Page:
A broader point worth remembering: "Mr. McCain's advisers said he would talk this week about jobs and other bread-and-butter issues of concern to voters while Mr. Obama met with heads of state overseas, but Mr. McCain's campaign has in fact been in constant reaction mode to Mr. Obama's lavishly covered foreign trip," Bumiller writes.
The fight McCain wants to have is the fight Obama doesn't want to have -- and the upshot of his success on the trip is that he doesn't really have to.
"Obama was asked repeatedly about his early opposition to the surge. Rather than assess whether he had taken the wrong position, he asserted that the overall direction of the debate over the future role of the U.S. military in both Iraq and Afghanistan has been moving in a direction he favors," Dan Balz and Sudarsan Raghavan writes in The Washington Post.
Keep in mind that the main ad McCain is running is chiding Obama over gas prices -- what ever happened to the comfort zone of national security?
"McCain is attacking too much and indiscriminately," writes Slate's John Dickerson. "The barrage undermines his brand, takes time away from telling voters what he might do for them, and looks awfully old-timey in a year when voters want a new brand. He should go on the offensive, yes, but in targeted forays."
He's shrugging off Prime Minister Nouri al-Maliki -- but the issue is that he even has to address him. "Well, I've heard Maliki say a number of things," McCain said, per John DiStaso of the New Hampshire Union-Leader, "but always when I've heard him, he said it's still dictated by conditions on the ground."
And something McCain said to CBS' Katie Couric is getting the Arizona senator off-message. "Because of the surge we were able to go out and protect that sheik and others. And it began the Anbar awakening," McCain said.
Per the AP: "The problem with McCain's statement -- as Obama's campaign quickly noted -- was that the awakening got under way before President Bush announced in January 2007 his decision to flood Iraq with tens of thousands of additional U.S. troops to help combat violence."
Then there's McCain's other message: beat the press.
New press credentials distributed by the McCain campaign for the Wilkes-Barre visit Wednesday: "McCain Press Corps: JV Squad. 'Left behind to report in America.' " Complete with a picture of the Statue of Liberty, per ABC's Bret Hovell.
"Sen. John McCain's campaign is dialing up its criticism of the news media, with a Web video and an online contest mocking the mainstream press for what the campaign describes as Obama-tilted coverage," per ABC News. "The critique of the news media is particularly striking coming from McCain, R-Ariz., who has long enjoyed a cozy relationship with journalists. In 2000 and 2008, his Republican rivals accused members of the media of being too close to McCain, and McCain once jokingly referred to the political press corps as 'my base.' "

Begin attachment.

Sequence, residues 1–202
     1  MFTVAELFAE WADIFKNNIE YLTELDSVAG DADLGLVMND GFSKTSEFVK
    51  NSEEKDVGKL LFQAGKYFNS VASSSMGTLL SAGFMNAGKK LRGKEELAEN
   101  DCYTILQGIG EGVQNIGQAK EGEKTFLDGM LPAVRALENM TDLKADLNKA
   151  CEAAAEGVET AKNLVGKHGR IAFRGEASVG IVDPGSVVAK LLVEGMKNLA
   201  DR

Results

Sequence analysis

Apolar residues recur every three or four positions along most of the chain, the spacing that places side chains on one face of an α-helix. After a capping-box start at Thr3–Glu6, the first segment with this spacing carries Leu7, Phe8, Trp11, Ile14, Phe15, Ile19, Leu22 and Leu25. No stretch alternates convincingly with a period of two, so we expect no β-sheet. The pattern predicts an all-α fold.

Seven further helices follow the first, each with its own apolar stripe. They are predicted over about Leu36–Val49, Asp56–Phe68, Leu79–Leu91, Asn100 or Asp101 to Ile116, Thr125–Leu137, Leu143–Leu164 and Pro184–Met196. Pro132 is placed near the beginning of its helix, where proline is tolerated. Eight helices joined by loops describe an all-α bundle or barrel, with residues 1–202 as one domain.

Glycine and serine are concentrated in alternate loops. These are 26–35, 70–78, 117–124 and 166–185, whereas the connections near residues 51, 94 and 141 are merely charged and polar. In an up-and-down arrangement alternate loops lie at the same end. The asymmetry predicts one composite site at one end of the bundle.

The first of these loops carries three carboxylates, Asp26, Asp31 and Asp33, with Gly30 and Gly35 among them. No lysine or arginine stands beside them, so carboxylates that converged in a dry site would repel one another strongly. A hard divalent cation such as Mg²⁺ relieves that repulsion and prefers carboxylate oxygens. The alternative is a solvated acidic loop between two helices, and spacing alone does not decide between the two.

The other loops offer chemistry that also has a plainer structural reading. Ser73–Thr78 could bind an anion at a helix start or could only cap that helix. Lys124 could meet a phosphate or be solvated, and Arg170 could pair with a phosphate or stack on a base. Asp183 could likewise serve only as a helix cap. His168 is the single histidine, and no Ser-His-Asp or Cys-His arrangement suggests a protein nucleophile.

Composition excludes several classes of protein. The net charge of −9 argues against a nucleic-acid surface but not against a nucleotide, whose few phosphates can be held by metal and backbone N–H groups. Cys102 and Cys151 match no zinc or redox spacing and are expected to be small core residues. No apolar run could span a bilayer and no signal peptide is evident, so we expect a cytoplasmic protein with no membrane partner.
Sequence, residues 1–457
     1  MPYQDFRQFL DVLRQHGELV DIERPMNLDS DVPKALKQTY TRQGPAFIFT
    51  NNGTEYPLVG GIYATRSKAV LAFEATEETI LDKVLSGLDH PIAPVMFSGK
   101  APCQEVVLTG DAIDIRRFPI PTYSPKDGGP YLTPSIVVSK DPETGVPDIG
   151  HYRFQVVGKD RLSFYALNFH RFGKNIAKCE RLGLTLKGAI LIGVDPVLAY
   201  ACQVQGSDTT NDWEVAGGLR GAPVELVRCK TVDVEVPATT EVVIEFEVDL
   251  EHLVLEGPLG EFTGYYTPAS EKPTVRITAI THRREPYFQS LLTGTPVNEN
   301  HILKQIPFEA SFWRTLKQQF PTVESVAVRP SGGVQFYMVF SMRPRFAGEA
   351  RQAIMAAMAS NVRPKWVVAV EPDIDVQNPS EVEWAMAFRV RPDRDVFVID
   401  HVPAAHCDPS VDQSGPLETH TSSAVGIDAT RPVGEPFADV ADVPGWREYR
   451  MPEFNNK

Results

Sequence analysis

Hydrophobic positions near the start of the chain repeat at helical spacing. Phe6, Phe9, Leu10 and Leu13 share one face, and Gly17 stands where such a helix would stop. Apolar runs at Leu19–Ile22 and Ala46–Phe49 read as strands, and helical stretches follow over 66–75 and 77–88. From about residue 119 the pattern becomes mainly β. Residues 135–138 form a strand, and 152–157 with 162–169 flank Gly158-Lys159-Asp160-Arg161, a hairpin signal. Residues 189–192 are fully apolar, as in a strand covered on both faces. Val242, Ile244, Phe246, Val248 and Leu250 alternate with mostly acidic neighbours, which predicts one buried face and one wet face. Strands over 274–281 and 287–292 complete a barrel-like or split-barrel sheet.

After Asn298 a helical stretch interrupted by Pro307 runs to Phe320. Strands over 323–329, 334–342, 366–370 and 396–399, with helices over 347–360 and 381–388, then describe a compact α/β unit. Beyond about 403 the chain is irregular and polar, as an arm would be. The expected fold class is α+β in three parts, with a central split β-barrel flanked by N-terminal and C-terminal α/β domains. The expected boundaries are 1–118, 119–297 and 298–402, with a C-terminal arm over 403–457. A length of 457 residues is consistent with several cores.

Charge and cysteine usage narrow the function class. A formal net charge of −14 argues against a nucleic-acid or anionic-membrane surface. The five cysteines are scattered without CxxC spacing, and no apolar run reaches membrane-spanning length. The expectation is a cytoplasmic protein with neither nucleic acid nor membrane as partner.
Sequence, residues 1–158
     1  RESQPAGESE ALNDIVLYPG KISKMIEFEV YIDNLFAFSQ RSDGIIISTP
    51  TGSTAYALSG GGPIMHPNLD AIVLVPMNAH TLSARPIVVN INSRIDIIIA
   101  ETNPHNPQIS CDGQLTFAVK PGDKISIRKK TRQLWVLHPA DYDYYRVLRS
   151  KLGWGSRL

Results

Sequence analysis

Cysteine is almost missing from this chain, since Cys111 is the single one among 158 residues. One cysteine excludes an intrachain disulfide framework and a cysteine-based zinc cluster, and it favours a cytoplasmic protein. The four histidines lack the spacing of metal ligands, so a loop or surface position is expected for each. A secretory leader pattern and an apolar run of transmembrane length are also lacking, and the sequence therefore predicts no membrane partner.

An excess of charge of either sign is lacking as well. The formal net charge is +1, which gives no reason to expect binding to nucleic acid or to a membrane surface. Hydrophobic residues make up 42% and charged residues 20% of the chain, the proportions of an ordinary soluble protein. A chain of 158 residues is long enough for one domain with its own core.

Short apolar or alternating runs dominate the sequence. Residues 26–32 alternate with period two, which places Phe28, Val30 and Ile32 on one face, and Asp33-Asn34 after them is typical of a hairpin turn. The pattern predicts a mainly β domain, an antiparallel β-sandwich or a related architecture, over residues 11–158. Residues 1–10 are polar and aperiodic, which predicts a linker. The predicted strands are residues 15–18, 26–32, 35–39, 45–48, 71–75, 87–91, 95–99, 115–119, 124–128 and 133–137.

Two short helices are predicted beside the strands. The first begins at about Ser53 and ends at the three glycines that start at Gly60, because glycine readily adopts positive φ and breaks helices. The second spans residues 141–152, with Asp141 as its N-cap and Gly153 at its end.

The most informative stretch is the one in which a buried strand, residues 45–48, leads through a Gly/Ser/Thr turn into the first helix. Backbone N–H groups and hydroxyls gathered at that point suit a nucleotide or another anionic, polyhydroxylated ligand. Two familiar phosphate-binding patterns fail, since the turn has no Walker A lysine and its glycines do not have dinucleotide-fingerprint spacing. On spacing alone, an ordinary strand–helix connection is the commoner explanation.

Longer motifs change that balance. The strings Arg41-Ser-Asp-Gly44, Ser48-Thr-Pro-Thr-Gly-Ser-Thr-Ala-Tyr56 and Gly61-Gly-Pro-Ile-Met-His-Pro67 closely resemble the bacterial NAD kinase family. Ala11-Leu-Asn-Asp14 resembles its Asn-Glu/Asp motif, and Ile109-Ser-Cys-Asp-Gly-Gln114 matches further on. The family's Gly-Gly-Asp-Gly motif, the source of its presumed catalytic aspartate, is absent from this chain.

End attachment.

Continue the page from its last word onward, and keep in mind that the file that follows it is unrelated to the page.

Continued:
"In past campaigns, complaints about media bias have galvanized conservatives, which could help McCain as he tries to solidify the Republican base," Maeve Reston writes in the Los Angeles Times. "But the sentiments in the fundraising e-mail Tuesday were also a public expression of months of grumbling by McCain advisors, who sarcastically call Obama 'The One.' "
More mileage out of the rejected op-ed submission: "A House Republican will circulate a letter on Wednesday authorizing a third-party group to take out a full-page advertisement in the New York Times featuring a rejected editorial by their presidential candidate," Politico's Patrick O'Connor reports.
If McCain makes good on Steve Schmidt's vision, this gets interesting again. "Above all, Mr. Schmidt argues that a campaign needs one positive message about its own candidate, and one negative message about the opponent. Sen. Obama has that: He's for change, while Sen. McCain represents more of the same. Sen. McCain long didn't have a strong, simple message of his own," Laura Meckler and Elizabeth Holmes write in The Wall Street Journal.
"Now, Mr. Schmidt has settled on this formula: Sen. Obama represents a big risk, while Sen. McCain rises above partisanship to put country first. Expect to hear that sentiment nearly every day between now and Nov. 4," they write.
Driving the day at the White House: "At a private fundraiser last week in Houston, President Bush, unaware that he was being recorded, joked about the country's housing crisis and said Wall Street is hung over because it 'got drunk,'" per ABC's Matt Jaffe.
"Wall Street got drunk -- that's one of the reasons I asked you to turn off the TV cameras -- it got drunk and now it's got a hangover," the president said. "The question is how long will it sober up and not try to do all these fancy financial instruments."